Joaquim António Apolinário, son of António Apolinário, went to primary school in Macao and on to Hong Kong to study further, receiving a diploma in Construction of Public Works and Mines, according to information from the Geographical society of Lisbon, of which he was a member from 1900 onwards.

António, official photographer of Rama V

António arrived in Bangkok in 1889, according to records at the Portuguese Consulate-General. Details of his first few years in Siam are not known, although it is believed that he was a draughtsman for the Department of Railways until 1984, when he decided to set up his own photography business by opening a studio in Charoen Krung. Here he received the most influential and wealthiest people in the city as his customers,” the researcher recalls.
Joaquim António also took photographs of King Rama V, as well as princes of the royal court, businessmen, diplomats and high-ranking people from the capital who posed in front of his camera at the studio or outdoors, creating images for posterity of a time of great development for Siam.
“He also worked for the British Legation, which led to great admiration from its members and a letter of recommendation from a diplomat called Burnes, the Business Attaché in Great Britain for one of King Rama V's brothers," notes Miguel Castelo-Branco.
In 1902 Joaquim António Apolinário presented his photographic work at the Hanoi Exposition as the “photographer of the King of Siam”. Two years later at the Saint Louis Worlds Fair he was awarded a silver medal for his collection of photos of Siam and neighbouring countries.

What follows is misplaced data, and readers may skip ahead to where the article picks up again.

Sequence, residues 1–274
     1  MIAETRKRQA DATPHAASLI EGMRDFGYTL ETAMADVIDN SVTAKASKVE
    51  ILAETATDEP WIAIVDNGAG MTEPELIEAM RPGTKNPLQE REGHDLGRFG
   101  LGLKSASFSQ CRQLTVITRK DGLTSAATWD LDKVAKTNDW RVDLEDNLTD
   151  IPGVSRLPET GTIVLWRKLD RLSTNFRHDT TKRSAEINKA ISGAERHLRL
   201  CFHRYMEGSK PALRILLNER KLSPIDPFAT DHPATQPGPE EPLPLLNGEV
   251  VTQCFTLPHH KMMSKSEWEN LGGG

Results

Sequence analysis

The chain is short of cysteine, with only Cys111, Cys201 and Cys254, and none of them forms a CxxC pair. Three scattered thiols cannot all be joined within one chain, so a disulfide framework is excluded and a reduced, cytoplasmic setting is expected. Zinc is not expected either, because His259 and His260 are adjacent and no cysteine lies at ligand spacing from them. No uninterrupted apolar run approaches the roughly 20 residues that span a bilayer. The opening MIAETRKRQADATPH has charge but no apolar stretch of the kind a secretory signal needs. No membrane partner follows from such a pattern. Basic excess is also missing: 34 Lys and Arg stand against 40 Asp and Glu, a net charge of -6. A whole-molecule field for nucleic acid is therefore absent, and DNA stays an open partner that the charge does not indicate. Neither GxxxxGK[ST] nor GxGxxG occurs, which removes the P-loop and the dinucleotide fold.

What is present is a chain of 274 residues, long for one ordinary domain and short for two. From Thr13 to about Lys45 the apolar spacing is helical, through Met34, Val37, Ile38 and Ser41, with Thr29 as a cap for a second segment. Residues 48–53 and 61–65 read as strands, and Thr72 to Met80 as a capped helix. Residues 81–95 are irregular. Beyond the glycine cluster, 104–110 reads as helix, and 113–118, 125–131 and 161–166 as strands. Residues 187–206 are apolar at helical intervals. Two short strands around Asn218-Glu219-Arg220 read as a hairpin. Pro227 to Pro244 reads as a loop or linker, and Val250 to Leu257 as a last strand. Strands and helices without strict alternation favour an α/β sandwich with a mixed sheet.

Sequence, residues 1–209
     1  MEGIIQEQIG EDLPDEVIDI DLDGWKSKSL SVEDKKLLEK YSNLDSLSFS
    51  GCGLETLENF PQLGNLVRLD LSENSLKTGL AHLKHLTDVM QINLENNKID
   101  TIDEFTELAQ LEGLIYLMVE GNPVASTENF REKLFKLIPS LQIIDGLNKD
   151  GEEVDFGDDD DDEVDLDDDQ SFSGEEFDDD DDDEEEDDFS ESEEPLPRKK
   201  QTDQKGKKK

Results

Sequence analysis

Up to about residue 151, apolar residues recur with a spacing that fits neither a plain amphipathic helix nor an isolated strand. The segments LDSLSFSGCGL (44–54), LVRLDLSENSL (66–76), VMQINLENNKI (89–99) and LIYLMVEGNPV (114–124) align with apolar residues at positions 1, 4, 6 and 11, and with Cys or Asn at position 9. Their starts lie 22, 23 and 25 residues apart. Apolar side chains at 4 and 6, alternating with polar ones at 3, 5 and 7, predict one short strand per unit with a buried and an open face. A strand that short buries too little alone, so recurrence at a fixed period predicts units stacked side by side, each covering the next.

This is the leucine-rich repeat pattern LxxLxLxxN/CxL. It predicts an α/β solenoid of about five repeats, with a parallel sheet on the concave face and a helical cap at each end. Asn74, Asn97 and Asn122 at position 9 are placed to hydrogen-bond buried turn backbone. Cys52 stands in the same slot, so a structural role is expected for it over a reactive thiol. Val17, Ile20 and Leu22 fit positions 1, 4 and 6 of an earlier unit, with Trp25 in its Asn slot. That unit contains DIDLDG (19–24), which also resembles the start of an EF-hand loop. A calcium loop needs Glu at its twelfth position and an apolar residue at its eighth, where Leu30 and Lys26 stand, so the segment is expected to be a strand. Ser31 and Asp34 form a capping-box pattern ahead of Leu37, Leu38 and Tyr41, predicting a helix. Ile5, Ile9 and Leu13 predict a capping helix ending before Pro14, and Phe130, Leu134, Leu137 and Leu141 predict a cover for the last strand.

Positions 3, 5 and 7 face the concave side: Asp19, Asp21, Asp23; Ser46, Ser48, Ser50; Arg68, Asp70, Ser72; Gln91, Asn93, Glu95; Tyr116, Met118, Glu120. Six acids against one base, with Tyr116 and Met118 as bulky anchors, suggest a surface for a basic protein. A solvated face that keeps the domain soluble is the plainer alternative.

Celestino Xavier, the diplomat 

Perhaps the most important example of the Macanese presence in Siam was businessman Celestino Maria Xavier (1863–1922), who was the Under-Secretary of State for Foreign Affairs of the Kingdom of Siam and became known as Phraya Phiphat Kosa.
Celestino Maria Xavier was the grandson of Joaquim Maria Xavier (1739–1881) and son of Luís Maria Xavier (1804–1902), both from Macao and who settled in Siam in 1850.
“The young Macanese, who lived near the Rosary Church, took advantage of the opportunities he had as the son of important people in local society, but also of the good relationship he had with the Bangkok Catholic hierarchy and with princes, brothers and half-brothers of King Rama V,” the researcher explains.
Celestino’s father started working as an assistant to the management board of the Agency Remi Schmidt & Co., but he also took a risk by setting up his own company, L. Xavier Rice Mills.